“But it wasn’t as hard as I thought it would be to get people to accept that,” Dentz says. “I was able to demonstrate that shareholders probably wouldn’t notice the difference in temperature. If I was an outsider who came in and tried to do this, they might have been more skeptical.”
During the summer, the co-op replaced 233 of the building’s 350 through-the-wall air conditioners with new retrofitted Fedders units. Shareholders paid just $100 for a bedroom A/C unit and $50 for a living room A/C unit. The total cost to shareholders for air conditioners and installation was $47,000. NYSERDA picked up $105,000 in expenses.
One requirement attached to the NYSERDA money is that the co-op must now gather data on the new system’s efficiency, which will take place during next year’s cooling season. “The proof will be in the numbers,” says NYSERDA’s Abate. “Do people and buildings save money? Do the benefits work environmentally and economically? During heat waves we’ve seen that there’s real value in being able to curtail loads. That’s commonly accepted. We think this project is taking conservation to the next step.”
Dentz agrees. “In areas where peak-demand is critical, such as New York City, this is a very effective way of controlling it,” he says. “One thing that would help this take off would be if manufacturers would install the technology in the factory. That might make it cost-effective even without subsidies. Then it would be a no-brainer, especially in new buildings.”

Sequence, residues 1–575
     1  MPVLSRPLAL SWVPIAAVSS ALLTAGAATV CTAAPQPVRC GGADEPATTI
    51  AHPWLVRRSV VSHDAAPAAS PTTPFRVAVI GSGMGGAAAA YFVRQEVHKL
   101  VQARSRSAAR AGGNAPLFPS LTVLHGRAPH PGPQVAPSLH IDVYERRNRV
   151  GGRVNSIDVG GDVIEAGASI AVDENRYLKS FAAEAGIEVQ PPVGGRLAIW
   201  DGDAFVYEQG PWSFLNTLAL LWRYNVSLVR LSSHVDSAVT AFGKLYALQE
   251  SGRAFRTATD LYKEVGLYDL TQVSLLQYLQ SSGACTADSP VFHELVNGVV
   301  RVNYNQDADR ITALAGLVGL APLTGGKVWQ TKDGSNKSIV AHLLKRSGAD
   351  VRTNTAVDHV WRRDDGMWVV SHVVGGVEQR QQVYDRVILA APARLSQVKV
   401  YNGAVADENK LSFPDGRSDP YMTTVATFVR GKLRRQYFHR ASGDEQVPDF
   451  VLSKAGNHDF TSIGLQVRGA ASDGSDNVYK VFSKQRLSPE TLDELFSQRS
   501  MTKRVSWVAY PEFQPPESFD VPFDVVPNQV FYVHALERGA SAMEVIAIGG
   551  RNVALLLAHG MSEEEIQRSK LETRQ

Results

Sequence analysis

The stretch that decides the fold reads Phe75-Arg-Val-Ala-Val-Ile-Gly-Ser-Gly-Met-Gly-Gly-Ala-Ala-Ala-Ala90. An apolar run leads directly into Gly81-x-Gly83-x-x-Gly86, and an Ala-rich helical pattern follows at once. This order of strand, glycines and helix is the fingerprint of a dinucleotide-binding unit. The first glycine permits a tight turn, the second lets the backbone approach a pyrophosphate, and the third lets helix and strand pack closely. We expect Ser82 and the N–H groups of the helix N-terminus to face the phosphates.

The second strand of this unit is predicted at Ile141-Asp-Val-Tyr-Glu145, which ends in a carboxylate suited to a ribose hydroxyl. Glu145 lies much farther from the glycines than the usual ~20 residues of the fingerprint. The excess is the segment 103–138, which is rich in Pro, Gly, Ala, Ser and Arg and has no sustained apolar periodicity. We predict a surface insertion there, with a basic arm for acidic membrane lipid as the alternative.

News from the Mews:
Rising energy costs are cutting into everyone’s bottom line, whether that is a co-op, condo, or private home. Georgetown Mews, a 37-building, 930-unit co-op in Queens, shows how a submetering system can cut energy costs by nearly 20 percent.
The cooperative complex was facing increasing energy costs, so its board decided to take action (see “Behavior Modification,” Habitat, July/August 2008). Each unit-owner already paid a set electricity fee, based on the number of shares they owned as opposed to the amount of energy consumed.
Led by its president, Mary Fisher, the board wanted to redistribute the complex’s energy costs to reflect actual usuage. The co-op is a master-metered complex, with 33 utility master-meters that record the energy usage in all 930 apartments.